It was the law to have separate rooms for races, to install separate water fountains, and for poll workers to ask license questions. Regardless of one’s personal convictions, they had to follow an unjust law and treat people as inferior because of the color of their skin.
…Reverberate in the United Methodist Church
In the United Methodist Church, we affirm that “LGBT persons are of sacred worth” and are not to be discriminated against…except when it comes to ordination and marriage. While people lift up this sentiment as compassionate orthodoxy or the middle way or even a very progressive position, for non-LGBT persons who support full inclusion, being unable to offer or support persons is an unconscionable position to be in, leading them to decide what to do when the Church is wrong.
Indeed, they might see much in common with racially-supportive persons in the Jim Crow era who were forced to discriminate or face retributions themselves. I would imagine that late 19th century poll workers and restaurant owners who did not see other races as inferior had to make choices that sound awfully familiar to progressive clergy who offer marriage services to all their congregants:
- Do they revolt against the unjust law, open their doors or voting booths to all people and risk being punished?
- Do they move away and go to a new state and abandon their positions to people who take full advantage of the way how the system is stacked up for their benefit?
- Do they use their position and work within the system to provide havens of help or muddled legalities to help people even if true systemic justice is decades away (and then only through the courts)?
It’s important to note that I am not calling United Methodists hateful or violent, as the term “Jim Crow” conjures up an era of lynchings and violence to African Americans (though violence against other races and LGBT persons alike happens daily). I am pointing out the predicament that people of faith who support full inclusion find themselves in in an institution that does not value people the same way by its actions.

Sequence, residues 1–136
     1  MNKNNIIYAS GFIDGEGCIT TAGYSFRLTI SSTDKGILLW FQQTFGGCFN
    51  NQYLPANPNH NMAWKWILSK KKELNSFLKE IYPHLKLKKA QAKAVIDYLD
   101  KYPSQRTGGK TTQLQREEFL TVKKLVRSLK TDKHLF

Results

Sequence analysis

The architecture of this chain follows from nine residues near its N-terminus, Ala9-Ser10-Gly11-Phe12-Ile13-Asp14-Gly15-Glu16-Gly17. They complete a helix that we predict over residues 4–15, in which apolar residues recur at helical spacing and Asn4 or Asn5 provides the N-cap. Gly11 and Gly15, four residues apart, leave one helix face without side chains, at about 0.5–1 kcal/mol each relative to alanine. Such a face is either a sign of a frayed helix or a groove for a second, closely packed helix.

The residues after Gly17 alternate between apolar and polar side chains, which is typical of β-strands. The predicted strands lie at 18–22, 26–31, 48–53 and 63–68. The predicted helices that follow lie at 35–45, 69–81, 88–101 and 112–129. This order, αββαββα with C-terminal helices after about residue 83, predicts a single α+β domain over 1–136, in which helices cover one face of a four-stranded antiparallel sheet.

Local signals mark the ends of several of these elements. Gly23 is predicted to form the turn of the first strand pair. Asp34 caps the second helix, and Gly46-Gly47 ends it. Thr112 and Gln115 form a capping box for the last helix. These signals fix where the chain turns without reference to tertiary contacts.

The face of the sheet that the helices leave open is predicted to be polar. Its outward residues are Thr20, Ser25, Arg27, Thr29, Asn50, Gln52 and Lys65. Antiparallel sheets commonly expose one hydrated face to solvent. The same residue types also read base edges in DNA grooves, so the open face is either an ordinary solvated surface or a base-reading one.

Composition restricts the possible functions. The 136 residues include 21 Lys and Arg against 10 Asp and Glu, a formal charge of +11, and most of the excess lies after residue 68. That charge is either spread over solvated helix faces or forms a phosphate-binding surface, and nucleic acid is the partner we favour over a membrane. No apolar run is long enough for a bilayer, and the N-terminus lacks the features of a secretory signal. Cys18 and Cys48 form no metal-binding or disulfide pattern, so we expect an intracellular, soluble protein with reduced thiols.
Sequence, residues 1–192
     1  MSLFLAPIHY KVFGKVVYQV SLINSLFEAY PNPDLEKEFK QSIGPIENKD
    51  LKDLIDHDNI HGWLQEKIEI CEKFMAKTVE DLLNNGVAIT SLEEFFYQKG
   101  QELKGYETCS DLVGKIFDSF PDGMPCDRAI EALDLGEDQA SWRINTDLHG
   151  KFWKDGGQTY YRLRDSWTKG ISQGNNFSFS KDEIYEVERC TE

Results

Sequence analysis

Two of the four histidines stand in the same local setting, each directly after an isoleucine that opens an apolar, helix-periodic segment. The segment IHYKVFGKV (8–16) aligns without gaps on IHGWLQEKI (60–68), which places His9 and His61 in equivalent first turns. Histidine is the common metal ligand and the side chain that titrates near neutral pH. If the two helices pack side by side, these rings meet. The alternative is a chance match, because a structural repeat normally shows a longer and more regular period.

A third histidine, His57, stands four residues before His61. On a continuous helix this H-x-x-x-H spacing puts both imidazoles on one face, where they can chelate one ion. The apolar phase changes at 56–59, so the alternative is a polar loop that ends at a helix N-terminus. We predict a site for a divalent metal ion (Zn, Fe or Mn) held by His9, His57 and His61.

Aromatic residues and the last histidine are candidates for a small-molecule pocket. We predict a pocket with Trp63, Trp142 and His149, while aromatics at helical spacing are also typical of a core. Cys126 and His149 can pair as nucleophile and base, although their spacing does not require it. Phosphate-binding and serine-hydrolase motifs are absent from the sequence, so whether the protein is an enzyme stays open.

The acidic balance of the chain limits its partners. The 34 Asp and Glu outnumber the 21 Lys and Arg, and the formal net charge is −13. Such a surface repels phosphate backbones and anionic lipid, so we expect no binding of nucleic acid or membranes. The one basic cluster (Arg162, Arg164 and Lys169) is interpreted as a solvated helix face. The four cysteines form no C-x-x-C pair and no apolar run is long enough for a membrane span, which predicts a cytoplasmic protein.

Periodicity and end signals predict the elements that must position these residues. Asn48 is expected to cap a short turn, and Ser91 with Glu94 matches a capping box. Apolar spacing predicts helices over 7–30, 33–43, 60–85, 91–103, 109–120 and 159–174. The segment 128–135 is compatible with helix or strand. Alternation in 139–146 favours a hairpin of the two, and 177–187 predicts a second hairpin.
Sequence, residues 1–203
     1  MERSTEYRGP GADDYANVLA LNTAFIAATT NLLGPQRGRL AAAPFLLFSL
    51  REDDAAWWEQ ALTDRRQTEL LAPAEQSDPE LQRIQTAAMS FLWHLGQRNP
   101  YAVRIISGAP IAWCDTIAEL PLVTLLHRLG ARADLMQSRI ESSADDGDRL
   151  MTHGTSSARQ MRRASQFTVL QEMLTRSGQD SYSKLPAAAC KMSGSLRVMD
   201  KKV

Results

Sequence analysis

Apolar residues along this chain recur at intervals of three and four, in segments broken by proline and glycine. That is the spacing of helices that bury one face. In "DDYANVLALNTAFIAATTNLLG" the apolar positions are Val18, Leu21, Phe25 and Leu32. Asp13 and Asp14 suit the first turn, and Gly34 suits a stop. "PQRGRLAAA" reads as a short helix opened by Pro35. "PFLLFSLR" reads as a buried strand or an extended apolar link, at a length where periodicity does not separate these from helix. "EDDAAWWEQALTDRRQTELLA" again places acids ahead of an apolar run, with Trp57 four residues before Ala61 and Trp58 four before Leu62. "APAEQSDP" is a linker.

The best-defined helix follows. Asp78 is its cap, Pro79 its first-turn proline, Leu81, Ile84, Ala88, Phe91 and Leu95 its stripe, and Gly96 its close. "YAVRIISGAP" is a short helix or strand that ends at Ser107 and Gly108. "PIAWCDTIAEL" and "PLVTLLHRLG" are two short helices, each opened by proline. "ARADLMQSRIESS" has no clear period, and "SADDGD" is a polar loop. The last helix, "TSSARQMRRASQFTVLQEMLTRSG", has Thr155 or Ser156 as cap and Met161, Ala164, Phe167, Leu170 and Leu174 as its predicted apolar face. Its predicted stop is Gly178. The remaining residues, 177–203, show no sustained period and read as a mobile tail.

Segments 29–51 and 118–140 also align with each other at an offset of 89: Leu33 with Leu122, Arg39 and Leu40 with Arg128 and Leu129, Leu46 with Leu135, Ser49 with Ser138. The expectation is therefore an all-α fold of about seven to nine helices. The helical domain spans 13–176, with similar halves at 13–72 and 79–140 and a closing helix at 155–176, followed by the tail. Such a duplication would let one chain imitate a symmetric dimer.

Love in an Unjust World
Williams closes with a reminder that his convictions come not from secular nonviolent resistance training but from his call as a pastor:
This is not so much the position of an activist, but rather of a pastor who answered a call. My call and my vow are “to lead the people of God to faith in Jesus Christ.” The folk in my pews, who sing in the choirs, and place hard-earned money in the offering, are searching for unconditional love in a world full of broken promises.
As a church, when we baptize a child, we promise and covenant to support them. It lifts my heart when I baptize that child of a same-gender couple and I see in the couples’ eyes an earnest hope that their child will grow up in a better Church than the one they have now.
- Will you join with that family and stand against the echoes of Jim Crow laws in our Church?
- Or will you go along and by inaction allow the unjust polity reign unchecked?
The choice is yours.